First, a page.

Awards presented at The House of Lords

National honour
for Bishop Monkto
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AWARD WiNNERS pictured outside the Palace of Westminster after the ceremony in the House of Lords. In the wheelchair is the oldest recipient of a BCA medal, 105-year-old  Max Morris from Surrey, who received his award for raising £100,000 for charity by selling old golf balls!  Richard Field is seen on extreme left.


Bishop Monkton was honoured on Thursday when a  villager was awarded a British Citizen Award at The House of Lords.

Richard Field was awarded a BCAc for his part in making things happen for the betterment of our community.

His citation was specifically for his work in making the village website 'like a daily newspaper', for launching both the village's croquet and table tennis clubs to provide a healthy sporting activity mostly for older people in furtherance of government aims, and for creating  and co-ordinating Bishop Monkton Life Savers which continues to provide a team of first responders ready to respond to any heart attack alert from anyone in or near Bishop Monkton.

Richard was among 34 award winners  from all over the UK who received recognition for their services in eight separate categories - for services to the community, international achievement, industry, business, the arts, education, healthcare and volunteering and charitable giving.

Sarah, Duchess of York, patron of the British Citizen Awards, told the award winners: 'Each of you are deserving of the gratitude of all of us. Our communities, country, society as a whole would look very different without your input'.

She told the audience, which also included nominators and the award winners' close family: 'Please  join me in honouring these Great British Citizens and take the opportunity to listen to those around you who are here to receive this great honour'.

Dame Mary Perkins, BCA patron and co-founder of Specsavers, added her congratulations to the medal winners. She. told the audience: 'Those who have been nominated have come from over the UK and are truly 'unsung heroes'. All of you have, behind the scenes, impacted on the lives of those around you and deserve this public recognition'.

In his acceptance speech Richard Field described Bishop Monkton as 'an amazingly go-ahead, dynamic and caring community where things got done, not just talked about'. He added he had just played a small part in this process and there were others who should have been awarded honours long ago, and he was sure their turn
would come very soon.

Richard had been nominated for an award by Rory Richold, and supported by letters from a number of villagers. Rory accompanied him to the Palace of Westminster  where they sat in an inner sanctum of the House of Lords seated on chairs embossed with the House of Lords emblem and surrounded by priceless portraits of notable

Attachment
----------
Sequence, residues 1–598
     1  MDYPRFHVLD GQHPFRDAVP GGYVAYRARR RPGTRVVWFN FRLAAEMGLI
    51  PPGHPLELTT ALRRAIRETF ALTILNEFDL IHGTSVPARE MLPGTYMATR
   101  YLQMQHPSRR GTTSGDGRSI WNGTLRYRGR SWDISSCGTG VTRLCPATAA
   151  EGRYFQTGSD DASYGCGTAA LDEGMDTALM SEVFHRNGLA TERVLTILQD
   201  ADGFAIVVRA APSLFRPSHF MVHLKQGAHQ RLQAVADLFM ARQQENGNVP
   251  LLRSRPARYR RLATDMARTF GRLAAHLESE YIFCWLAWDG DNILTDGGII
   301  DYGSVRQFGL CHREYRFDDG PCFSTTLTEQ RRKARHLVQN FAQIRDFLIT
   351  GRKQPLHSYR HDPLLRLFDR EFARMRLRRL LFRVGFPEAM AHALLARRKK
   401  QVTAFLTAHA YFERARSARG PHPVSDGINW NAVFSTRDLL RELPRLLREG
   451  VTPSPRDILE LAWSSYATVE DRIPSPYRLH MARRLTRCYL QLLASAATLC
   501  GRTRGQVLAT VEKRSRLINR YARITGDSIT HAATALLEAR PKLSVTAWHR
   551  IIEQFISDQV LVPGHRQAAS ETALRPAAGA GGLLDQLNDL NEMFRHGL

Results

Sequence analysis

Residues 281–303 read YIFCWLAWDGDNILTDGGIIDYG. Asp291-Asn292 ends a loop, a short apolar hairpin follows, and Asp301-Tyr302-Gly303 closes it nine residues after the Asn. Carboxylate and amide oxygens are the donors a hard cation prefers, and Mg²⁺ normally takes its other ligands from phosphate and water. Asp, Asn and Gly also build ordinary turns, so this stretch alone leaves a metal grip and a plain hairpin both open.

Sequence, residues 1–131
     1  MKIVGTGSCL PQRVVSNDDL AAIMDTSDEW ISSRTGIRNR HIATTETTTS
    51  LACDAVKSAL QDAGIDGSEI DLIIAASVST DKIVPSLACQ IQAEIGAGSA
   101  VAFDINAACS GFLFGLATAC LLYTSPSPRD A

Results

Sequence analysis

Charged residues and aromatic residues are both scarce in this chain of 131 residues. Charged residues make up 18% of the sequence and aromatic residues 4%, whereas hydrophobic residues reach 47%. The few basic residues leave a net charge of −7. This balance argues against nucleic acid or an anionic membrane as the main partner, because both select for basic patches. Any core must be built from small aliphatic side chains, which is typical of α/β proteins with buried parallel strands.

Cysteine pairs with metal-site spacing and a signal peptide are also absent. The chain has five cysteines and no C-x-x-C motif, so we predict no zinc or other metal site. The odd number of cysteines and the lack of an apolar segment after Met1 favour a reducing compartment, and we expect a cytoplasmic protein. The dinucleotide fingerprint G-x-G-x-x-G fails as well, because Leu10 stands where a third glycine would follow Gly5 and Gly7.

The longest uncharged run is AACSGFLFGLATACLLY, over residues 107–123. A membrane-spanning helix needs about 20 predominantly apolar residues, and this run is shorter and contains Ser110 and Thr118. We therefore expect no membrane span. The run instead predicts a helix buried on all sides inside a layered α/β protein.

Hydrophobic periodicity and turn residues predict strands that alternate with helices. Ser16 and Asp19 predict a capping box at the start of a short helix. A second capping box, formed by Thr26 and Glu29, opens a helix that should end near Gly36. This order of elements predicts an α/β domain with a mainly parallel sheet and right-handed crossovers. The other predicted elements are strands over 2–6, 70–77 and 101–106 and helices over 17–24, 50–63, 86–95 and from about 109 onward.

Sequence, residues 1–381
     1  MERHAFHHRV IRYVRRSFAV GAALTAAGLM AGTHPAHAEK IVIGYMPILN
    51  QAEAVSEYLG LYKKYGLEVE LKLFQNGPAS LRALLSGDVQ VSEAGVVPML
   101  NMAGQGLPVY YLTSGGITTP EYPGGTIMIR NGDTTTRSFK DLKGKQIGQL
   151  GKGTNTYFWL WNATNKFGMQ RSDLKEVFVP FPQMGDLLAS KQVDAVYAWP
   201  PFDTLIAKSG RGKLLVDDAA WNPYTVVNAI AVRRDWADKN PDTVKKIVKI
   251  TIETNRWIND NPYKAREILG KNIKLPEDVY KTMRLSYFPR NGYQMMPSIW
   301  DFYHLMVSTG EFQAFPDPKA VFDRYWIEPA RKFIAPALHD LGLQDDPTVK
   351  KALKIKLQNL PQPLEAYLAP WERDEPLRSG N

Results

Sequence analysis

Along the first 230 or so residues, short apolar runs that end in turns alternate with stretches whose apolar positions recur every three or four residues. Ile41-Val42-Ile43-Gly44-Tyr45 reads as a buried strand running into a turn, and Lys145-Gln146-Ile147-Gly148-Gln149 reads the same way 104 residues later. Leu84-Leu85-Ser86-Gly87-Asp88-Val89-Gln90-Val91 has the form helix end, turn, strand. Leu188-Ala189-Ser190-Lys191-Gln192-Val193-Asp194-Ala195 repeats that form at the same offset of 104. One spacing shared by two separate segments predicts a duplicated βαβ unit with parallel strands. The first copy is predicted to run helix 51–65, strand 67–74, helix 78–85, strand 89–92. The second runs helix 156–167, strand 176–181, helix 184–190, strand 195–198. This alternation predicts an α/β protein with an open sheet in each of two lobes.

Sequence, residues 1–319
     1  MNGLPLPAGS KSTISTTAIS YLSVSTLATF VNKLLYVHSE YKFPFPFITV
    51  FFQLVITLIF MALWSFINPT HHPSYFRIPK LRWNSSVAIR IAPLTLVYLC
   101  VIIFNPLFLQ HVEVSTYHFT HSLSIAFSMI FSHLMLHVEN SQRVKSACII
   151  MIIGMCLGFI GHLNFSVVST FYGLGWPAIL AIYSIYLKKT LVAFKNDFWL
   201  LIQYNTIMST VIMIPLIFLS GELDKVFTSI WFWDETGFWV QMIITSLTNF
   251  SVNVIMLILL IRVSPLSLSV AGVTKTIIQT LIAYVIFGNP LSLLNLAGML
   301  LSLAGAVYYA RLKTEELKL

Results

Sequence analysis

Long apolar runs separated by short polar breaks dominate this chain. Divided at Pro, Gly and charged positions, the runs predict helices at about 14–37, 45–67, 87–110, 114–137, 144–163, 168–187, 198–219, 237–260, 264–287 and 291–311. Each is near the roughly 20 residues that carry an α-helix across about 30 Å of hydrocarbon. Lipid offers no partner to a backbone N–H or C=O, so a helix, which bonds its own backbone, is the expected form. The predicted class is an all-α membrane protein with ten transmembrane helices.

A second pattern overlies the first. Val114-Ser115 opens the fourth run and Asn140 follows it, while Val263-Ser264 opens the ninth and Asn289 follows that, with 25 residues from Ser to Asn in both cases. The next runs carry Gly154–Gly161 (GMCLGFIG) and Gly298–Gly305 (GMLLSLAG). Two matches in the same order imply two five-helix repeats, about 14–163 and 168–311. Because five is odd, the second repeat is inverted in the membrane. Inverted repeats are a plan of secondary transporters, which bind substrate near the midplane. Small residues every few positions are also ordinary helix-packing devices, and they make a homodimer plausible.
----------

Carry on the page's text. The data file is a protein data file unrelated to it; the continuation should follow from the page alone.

Lords down the ages. The pictures included one of Queen Elizabeth 1 valued at £7 million and another, loaned by The Queen, was of Queen Anne on a visit to the House early in the 1700s. 

After the afternoon ceremony, there was a photo shoot of the winners on Castle Green opposite,  Then, joined by Pat Field and David Richold, they were taken on a lap of honour in branded open-top buses around central London, followed by an evening ceremony at Church House where TV personality Fiona Phillips interviewed each of the winners.

Richard being interviewed byTV presenter Fiona Phillips. He told her about the amazing things going on in Bishop Monkton, and the many wonderful people who make them happen.


The 34 winners came from England, Scotland and Wales, with three from Yorkshire - one from Leeds, one from Sheffield and one from Bishop Monkton! Their ages ranged from 14 to 105 and most had amazing stories to tell.

Press reports of this event will run in national, regional and local newspapers with around 500 reports expected to appear in the media during the next few days.

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Last Word

Getting mixed up in the media melee outside the Palace of Westminster

After the presentation of BCA awards at The House of Lords on Thursday, all the winners, including Richard Field, gathered on College Green, opposite  the Palace of Westminster, for a photo shoot (a good place because you see Big Ben in the background).

Good spot, yes. Only this was the day when the result of the contest between Theresa May,  Andrea Leadsom and Michael Gove had just been announced and the world media had also taken up position on the same College Green to beam the news and their pictures round Britain and around the world.

So it was all bit of a scramble with medal winners vieing with politicians and TV crews for the best position.

 'You always wondered if you might get asked for your view of the result of the PM contest instead of which BCA medal you'd won!', Richard said.

Anyway, in the end everyone got sorted our and hopefully both groups got the pictures they wanted!

For more detail go to NEWS/British awards.

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